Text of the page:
Influence of nutritional interventions to optimise fat metabolism and exercise performance

Hodgson, Adrian (2013). Influence of nutritional interventions to optimise fat metabolism and exercise performance. University of Birmingham. Ph.D.

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This thesis investigated three commonly used nutritional interventions that are often claimed to alter substrate metabolism and improve exercise performance: green tea extract (GTE), coffee and vitamin D.

GTE and caffeine have been hypothesized to increase fat oxidation at rest and during exercise, thereby lowering the reliance on skeletal muscle glycogen and improving endurance exercise capacity. We observed that 7 days GTE supplementation resulted in an increase in metabolites related to fat and energy metabolism at rest but not during moderate intensity exercise. The current thesis also found that endurance exercise performance can be improved to the same extent by either using coffee or caffeine. However, these improvements in endurance exercise performance were independent of changes to fat oxidation during exercise.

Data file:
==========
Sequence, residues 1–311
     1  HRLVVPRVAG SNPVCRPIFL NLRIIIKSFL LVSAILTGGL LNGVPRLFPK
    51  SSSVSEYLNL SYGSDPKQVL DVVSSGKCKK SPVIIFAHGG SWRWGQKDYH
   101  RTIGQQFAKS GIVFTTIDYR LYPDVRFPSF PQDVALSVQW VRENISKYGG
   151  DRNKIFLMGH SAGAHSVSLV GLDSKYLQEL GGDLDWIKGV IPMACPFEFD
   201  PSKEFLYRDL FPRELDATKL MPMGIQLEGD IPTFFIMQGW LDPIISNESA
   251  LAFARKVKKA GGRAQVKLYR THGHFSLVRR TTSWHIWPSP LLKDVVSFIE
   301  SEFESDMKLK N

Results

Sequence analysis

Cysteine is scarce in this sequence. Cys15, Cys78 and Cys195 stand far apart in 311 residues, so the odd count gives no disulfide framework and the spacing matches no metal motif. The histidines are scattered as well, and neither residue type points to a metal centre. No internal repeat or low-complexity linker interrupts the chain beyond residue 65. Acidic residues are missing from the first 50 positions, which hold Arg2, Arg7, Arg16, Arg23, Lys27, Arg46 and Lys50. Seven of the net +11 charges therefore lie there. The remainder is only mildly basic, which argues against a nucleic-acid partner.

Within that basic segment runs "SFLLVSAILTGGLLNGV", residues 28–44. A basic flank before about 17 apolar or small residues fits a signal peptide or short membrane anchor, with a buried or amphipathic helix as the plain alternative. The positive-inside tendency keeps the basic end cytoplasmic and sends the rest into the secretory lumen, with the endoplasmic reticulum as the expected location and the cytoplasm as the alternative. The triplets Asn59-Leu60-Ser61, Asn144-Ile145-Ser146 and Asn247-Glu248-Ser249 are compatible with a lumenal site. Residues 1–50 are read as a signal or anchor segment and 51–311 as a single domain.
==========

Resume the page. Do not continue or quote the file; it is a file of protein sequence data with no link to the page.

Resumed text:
We also demonstrate that athletes living in Birmingham, United Kingdom, display a high prevalence of vitamin D deficiency during the winter and thus require nutritional support. However, despite the high prevalence of vitamin D deficiency, there was no association between vitamin D status and skeletal muscle function or exercise performance. Short term vitamin D supplementation at doses above the current recommended daily allowance was highly effective in correcting vitamin D deficiency to sufficiency. But supplementation did not alter any measure of performance.

Type of Work: Thesis (Doctorates > Ph.D.)
Award Type: Doctorates > Ph.D.
College/Faculty: Colleges (2008 onwards) > College of Life & Environmental Sciences
School or Department: School of Sport, Exercise and Rehabilitation Sciences
Funders: None/not applicable
Subjects: R Medicine > RC Internal medicine > RC1200 Sports Medicine


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